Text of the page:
clashing harness of Spanish chivalry, but where now the ivy hung down from
the roofless wall, and the long grass grew between the squares of the
tessellated pavement. Time had reduced it to little more than a heap of
shattered stones, but it was as ancient, probably, as the days of the
Goths, during whose dominion a strong garrison lay at Merida.
The large amphitheatre, of which the citizens
are so proud, formed another attraction, and its circular galleries were
the scene of many an evening walk with Catalina and her cousin Inesella of
Truxillo, a very gay and very beautiful girl, with whom a great deal of
laughing and flirting ensued in clambering up the steep stone seats, and
rambling through its maze of arcades, arched passages, projecting
galleries, and the long dark dens opening on the arena.
The Roman baths of Diana, a subterranean
edifice of an oval form, containing ranges of dressing-chambers, and a
large stone bathing-basin filled with pure water, formed another object of
interest; and many were the pleasant strolls they enjoyed along the grassy
banks of the Guadiana and by the summit of a high hill (the name of which
I have forgotten), in the shade of the broad trellis, where the vines were
bursting into leaf, and in every green lane and embowered walk about
Merida, even to the hermitage of San Bartolomi, where a white-bearded
anchorite showed them the boiling-hot spring of Alange.
During this intercourse, Ronald rapidly
improved in his Spanish: and who would not have done so under the tuition
of such fair instructresses? He found it pleasing to be school'd in a
strange tongue By female lips and eyes — that is, I mean, When both the
teacher and the taught are young, As was the case, at least, where I have
been; They smile so when one's right, and when one's wrong They smile
still more ; and then there intervene Pressure of hands, perhaps even a
chaste kiss :— I learn'd the little that I know by this.'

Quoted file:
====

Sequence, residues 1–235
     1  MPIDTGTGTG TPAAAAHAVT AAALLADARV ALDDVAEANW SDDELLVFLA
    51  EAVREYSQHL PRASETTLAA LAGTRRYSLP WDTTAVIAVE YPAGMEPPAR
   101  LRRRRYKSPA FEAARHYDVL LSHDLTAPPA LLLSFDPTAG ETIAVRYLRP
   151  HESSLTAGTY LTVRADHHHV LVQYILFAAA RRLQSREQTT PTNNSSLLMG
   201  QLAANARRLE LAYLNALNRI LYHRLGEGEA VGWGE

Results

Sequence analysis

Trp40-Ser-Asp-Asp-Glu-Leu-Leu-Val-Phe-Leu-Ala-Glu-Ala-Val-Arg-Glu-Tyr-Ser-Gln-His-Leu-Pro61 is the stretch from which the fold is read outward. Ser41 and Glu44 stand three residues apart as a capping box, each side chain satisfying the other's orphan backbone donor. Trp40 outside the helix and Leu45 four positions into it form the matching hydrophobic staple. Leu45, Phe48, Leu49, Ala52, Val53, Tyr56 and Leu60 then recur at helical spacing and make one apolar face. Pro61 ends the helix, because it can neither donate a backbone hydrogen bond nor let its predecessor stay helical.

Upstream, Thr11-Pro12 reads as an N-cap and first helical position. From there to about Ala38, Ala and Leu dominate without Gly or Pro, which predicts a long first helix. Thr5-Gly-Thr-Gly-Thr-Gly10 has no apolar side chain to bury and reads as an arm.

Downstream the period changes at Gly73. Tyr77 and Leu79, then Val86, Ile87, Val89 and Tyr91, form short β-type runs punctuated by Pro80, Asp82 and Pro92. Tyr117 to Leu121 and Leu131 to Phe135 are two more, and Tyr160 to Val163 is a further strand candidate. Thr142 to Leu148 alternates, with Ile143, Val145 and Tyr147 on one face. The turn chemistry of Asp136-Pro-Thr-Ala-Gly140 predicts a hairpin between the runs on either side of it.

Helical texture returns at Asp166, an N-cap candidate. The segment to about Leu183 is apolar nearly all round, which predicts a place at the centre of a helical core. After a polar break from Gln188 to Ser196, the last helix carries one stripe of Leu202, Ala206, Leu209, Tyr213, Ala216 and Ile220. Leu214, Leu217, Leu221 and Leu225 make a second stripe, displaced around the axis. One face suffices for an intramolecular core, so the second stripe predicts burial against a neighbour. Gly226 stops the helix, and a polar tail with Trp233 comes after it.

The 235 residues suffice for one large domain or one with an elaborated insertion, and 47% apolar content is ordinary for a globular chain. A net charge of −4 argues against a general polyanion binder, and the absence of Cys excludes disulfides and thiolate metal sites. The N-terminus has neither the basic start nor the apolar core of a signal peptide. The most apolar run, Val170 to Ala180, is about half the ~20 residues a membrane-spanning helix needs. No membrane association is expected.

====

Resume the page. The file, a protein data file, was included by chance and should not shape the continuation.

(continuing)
More than one week had slipped away, and
Ronald had nearly recovered from his wound, though still obliged to keep
his arm slung in a scarf. In the garden at the back of the mansion, he was
seated by Catalina's side one evening on the steps of a splendid fountain,
where four brazen deities spouted the crystal liquid from their capacious
throats into a broad basin of black marble, from which, by some
subterraneous passage, it was carried to the Guadiana. The spring was now
advanced, and the delightful climate of Spain was fast arraying nature,
and bringing her forth in all her glory. From the fountain, broad
gravelled walks, thickly edged with myrtle, branched off in every
direction, and between them were beds where the crimson geranium, the
gigantic rose-bushes, the pale lilac blossom, and a thousand other garden
flowers, which it would be useless to mention, were budding in the heat of
the vernal sun by day, and in the soft moist dews by night. Around and
above them the graceful willow, the tufted acacia, the stately palm, the
orange-tree, with its singularly beautiful leaves, and numerous other
shrubs, were spreading into foliage, which appeared to increase daily in
richness of tint and variety ; and beautiful vistas, winding walks, and
umbrageous bowers were formed among them with all the art and nicety of
Spanish landscape gardening.
The young Highlander and Catalina were seated
on the margin of the fountain, as I have already said. They conversed but
little. The donna busied herself with the strings of her guitar, and
Ronald watched in silence the nimble motions of her white hands as she
tied and untied, screwed and unscrewed the strings and pegs, and struck
the chords to ascertain the true tone. Strange and conflicting thoughts
flitted through his mind while he gazed upon his beautiful companion. He
was aware how dangerous to his peace her presence was, and he almost
longed for, yet dreaded the coming time, when he should be obliged to
return to his regiment. To Alice Lisle he felt that he was bound by every
tie that early intimacy, love, and honour could twine around him, — honour
! how could he think of so cold a word? and while he did so, he blushed
that he could find room in his heart for the image of another.
'Catalina is very beautiful — decidedly so,'
thought he, while he viewed the curve of her white neck, and the outline
of her superb bust. ' Her face is one of surpassing loveliness, and her
eyes — but Alice is equally bewitching, although perhaps a less showy
beauty. Alice is very gentle and winning, so lady-like, and we have known
each other so long — it is impossible I can forget her. Why, then, have I
been trifling with one whose presence is so dangerous to my peace? Yes 1
if I would preserve a whole heart and my allegiance to Alice, I must fly